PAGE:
Trade Protection and Wages: Evidence from the Colombian Trade Reforms
National Bureau of Economic Research, 2001 - Economics - 36 pages
Starting in 1985, Colombia experienced gradual trade liberalization that culminated in the drastic tariff reductions of 1990-91. This paper exploits these trade reforms to investigate the relationship between protection and wages. The focus of the analysis is on relative wages, defined as industry wage premiums relative to the economy-wide average wage. Using the June waves of the Colombian National Household Survey, we first compute wage premiums for the period 1984-98, adjusting for a series of worker characteristics, job and firm attributes, and informality. We find that industry wage premiums in Colombia exhibit remarkably less persistence over time than U.S. wage premiums. Similarly, measures of trade protection are less correlated over time than in the U.S. data, indicating that as a result of trade liberalization the structure of protection has changed. Regressions of wage premiums on tariffs, without industry fixed effects, produce a negative relationship between protection and wages; workers in protected sectors earn less than workers with similar observable characteristics in unprotected sectors. With fixed effects the results are reversed: Trade protection is found to increase relative wages. The effect is economically significant: Elimination of tariffs in an industry with an average level of protection in 1984 would lead to a 4% wage decline in this industry. For the most protected industries the effect increases to 7.3%. We also find that - in contrast to the U.S. - sectors with high import penetration in Colombia pay higher wages; nevertheless, regressions with industry fixed effects indicate that an increase of imports in a particular sector is associated with lower wages. The differences between the results with and without fixed effects are indicative of the importance of (time-invariant) political economy factors as determinants of protection. Further issues concerning the effects of trade liberalization, such as the relevance of time-variant political economy factors, the i.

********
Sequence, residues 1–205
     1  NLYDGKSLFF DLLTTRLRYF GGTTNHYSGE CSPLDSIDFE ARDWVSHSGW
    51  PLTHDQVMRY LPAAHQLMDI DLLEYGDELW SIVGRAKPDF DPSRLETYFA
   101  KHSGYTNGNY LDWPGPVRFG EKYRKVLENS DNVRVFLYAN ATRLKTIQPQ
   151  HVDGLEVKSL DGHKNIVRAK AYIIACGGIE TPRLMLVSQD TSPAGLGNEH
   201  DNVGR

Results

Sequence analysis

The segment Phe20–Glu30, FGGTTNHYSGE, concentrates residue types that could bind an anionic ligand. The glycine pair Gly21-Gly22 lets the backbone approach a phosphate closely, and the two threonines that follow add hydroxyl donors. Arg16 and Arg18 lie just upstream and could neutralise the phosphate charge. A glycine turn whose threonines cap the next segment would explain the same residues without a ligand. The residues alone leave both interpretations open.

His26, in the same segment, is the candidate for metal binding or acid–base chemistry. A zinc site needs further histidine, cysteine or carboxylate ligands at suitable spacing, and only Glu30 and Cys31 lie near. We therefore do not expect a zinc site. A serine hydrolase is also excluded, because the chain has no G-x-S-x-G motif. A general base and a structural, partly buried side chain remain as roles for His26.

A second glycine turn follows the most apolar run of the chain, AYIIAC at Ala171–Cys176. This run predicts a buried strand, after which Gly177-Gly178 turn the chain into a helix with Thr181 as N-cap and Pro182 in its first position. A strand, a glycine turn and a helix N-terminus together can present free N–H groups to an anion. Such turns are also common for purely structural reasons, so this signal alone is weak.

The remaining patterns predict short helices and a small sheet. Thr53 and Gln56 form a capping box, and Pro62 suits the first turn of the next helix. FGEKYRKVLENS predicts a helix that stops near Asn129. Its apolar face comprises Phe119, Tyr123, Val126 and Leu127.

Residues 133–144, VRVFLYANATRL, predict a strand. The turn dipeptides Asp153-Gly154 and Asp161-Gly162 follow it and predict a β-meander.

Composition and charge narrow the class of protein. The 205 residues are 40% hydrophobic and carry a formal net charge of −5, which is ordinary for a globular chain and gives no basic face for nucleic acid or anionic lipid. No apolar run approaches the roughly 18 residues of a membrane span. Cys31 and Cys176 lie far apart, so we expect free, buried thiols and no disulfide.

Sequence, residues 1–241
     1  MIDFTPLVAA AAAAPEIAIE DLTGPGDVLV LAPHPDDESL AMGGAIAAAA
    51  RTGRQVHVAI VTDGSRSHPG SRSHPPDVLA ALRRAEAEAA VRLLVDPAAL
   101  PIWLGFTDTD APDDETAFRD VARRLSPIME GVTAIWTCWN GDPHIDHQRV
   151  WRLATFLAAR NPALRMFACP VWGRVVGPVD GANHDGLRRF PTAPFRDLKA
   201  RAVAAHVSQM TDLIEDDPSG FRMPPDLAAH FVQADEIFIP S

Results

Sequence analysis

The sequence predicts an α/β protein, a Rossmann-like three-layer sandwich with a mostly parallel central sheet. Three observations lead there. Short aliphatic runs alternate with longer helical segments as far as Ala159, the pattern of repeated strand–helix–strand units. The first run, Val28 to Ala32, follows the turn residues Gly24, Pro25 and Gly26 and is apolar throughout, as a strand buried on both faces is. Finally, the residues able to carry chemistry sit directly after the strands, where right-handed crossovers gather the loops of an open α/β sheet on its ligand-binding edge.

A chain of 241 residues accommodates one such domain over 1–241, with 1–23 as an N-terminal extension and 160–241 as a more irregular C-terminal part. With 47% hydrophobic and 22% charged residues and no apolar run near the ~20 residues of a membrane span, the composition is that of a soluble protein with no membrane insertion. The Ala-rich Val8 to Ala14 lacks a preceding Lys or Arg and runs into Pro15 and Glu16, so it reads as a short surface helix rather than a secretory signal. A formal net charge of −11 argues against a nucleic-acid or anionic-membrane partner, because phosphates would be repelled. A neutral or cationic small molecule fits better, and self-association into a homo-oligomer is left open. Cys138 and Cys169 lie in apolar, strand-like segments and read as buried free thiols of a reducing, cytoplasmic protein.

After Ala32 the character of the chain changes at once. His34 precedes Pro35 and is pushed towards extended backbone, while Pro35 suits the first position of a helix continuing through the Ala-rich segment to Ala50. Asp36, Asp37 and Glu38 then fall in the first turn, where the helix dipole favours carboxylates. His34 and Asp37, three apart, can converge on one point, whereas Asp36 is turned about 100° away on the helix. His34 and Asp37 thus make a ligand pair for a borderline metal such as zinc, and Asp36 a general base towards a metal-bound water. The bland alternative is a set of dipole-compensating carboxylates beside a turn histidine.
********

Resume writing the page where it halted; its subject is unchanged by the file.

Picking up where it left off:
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based on specification clustered by industry column applies dependent variable different wage premiums EC*Exchange Rate 0002 effects of trade employment errors are robust exchange rates factors of production four sections indicate given column import penetration imports and exports indicate separate regressions Indicators no yes industry characteristics industry fixed effects industry wage differentials industry wage premiums informal sector IP*Exchange Labor Economics labor market Lagged Export/Consumption Lagged Imp Lagged Imports*Ex.Rate liberalization in Colombia NBER Nominal tariff 0005 Nominal tariff 0009 number of observations omitted variable bias Pavcnik percent political economy factors productivity regressions using different relative wages Reported standard errors Robertson 1999 robust and clustered sections indicate separate skill premium Table 4a tariff coefficient trade flows trade liberalization trade policy trade protection trade reform unobserved variation wage premiums based worker characteristics workplace characteristics WP2 Nominal WP3 Nominal tariff year-to-year correlations yes Industry Indicators yes no yes yes yes Note